Siemens argues PEM electroyzers fulfill even the most demanding environmental requirements from regulators, since it does not rely on caustic chemicals like potassium hydroxide, a strong lye. Moreover it can still operate efficiently when the electricity supply is intermittent, making it ideally suited for renewables like wind and solar. 

Courtesy of ThyssenKrupp

Hydrogen electrolysis has only recently become commercially attractive, because producing one kilogram of the gas from water typically can require some 55 kilowatt hours of power, roughly the entire amount of energy stored in a small EV like the Chevrolet Bolt or Volkswagen ID3. 

Only the advent of cheap and plentiful renewable electricity, combined with rising CO2 costs (from cap-and-trade emission schemes, for example), has begun to tip the scales in its favor.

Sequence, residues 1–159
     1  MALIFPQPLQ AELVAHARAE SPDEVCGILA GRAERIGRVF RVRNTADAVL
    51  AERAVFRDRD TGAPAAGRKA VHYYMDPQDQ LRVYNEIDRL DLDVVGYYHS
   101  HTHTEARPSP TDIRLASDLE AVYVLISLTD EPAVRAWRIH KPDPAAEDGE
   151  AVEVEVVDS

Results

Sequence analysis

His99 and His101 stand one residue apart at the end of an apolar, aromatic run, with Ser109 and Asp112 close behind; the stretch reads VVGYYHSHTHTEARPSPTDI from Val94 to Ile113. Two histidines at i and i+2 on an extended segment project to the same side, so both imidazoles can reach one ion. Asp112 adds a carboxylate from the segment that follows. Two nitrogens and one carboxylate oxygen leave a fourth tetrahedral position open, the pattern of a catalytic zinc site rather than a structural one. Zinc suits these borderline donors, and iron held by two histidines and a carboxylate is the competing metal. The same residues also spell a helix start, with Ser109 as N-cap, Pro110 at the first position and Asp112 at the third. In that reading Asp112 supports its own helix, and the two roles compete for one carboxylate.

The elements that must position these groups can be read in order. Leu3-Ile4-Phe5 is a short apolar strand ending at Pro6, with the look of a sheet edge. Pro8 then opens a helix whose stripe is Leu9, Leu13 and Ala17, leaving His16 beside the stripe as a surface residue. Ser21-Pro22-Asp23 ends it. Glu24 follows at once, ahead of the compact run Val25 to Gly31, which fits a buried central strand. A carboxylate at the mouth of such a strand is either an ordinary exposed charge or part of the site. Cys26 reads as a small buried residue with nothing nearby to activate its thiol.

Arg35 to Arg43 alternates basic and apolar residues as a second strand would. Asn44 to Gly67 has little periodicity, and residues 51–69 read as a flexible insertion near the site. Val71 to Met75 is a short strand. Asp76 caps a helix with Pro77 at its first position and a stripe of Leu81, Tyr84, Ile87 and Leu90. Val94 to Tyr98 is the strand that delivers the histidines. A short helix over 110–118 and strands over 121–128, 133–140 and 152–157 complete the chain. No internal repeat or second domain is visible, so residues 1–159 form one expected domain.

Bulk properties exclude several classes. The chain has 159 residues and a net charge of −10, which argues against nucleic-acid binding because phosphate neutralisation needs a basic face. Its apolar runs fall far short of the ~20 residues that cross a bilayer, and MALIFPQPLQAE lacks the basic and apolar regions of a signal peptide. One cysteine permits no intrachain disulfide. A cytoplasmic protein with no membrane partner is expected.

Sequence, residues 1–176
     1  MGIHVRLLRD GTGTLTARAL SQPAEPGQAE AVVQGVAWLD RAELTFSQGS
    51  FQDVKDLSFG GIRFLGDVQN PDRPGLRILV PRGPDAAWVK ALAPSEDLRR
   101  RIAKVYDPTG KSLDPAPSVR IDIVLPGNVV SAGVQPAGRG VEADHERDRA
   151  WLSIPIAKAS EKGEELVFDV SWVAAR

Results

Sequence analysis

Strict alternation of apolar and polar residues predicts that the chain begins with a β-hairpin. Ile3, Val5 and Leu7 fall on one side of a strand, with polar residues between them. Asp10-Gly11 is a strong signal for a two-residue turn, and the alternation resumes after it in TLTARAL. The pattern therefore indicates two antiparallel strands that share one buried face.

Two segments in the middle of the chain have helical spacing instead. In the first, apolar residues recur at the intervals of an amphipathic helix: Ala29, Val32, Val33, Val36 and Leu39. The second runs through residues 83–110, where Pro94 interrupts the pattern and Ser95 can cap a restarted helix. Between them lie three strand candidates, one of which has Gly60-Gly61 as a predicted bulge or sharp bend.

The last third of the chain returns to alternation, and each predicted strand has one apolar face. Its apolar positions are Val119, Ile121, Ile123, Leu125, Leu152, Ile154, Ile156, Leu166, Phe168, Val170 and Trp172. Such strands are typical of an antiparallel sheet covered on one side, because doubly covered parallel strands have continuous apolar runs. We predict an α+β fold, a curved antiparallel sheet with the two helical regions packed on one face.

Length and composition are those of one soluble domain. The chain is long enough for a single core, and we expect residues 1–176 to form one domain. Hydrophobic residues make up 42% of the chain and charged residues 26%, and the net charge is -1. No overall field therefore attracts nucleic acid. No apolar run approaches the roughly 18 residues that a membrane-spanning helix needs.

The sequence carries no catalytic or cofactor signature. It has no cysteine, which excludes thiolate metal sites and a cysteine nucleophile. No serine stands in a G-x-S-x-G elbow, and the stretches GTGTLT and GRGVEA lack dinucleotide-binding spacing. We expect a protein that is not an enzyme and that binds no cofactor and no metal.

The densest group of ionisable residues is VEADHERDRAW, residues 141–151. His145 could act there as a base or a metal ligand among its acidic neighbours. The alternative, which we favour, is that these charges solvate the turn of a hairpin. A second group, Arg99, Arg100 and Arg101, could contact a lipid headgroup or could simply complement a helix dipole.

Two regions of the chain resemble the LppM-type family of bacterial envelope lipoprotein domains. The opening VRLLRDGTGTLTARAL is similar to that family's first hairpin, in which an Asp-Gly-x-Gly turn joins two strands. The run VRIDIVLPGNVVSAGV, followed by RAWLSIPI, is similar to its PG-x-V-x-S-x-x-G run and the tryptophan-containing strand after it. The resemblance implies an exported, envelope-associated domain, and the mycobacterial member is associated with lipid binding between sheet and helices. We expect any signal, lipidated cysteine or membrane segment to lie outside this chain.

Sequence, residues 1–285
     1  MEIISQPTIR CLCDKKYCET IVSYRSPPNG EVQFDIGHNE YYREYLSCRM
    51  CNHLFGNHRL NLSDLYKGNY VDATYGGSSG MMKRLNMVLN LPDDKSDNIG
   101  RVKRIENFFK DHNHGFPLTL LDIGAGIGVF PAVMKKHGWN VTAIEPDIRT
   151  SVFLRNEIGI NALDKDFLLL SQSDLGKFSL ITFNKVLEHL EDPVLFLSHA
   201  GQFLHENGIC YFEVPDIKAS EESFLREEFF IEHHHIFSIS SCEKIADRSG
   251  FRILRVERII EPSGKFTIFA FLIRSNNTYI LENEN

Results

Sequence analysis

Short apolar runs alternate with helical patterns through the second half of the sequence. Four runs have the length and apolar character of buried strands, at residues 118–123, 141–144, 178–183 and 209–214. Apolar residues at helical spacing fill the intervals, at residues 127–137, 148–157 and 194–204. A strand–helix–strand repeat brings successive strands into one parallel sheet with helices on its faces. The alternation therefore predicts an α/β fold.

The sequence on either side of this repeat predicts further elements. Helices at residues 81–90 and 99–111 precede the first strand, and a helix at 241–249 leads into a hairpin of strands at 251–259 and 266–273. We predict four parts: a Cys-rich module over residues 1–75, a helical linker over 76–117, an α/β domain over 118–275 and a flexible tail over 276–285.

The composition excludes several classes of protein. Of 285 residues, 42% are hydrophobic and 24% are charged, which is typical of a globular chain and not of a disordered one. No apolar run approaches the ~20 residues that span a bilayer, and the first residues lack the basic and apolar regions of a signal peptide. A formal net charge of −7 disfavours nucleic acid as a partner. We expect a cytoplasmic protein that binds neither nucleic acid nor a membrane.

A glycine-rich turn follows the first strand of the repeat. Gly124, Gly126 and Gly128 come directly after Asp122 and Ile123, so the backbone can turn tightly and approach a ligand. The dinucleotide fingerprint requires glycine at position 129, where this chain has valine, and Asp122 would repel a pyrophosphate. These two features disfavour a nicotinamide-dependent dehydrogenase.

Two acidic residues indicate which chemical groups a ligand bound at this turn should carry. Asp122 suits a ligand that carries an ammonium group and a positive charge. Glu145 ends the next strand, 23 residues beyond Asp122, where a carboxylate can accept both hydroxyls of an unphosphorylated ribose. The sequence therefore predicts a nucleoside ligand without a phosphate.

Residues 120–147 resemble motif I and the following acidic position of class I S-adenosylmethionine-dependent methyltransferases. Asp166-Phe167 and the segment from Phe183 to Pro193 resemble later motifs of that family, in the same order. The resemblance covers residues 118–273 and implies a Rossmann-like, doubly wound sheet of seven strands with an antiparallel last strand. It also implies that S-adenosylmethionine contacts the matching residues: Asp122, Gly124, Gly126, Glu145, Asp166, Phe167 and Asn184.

Upcoming investments

The Biden administration aims to reduce the price of clean hydrogen to $1 for 1 kilogram in one decade — up from $5 or more — and U.S. utility Florida Power & Light plans to invest $65 million in the construction of a 20 MW electrolyzer. 

This is dwarfed however by Saudi Arabia’s 2 GW-plus clean hydrogen project in Neom, a lighthouse project for smart, sustainable living under development on the Red Sea. The Saudi government has contracted ThyssenKrupp with supplying the electrolyzers.

“It’s a real global trend to push net zero targets forward,” said the Nucera’s green hydrogen boss, Christoph Noeres. “Countries representing over 80% of global GDP plan to enter the hydrogen economy by 2025 with a clear, dedicated strategy, and importantly they will all have green hydrogen as their central pillar.”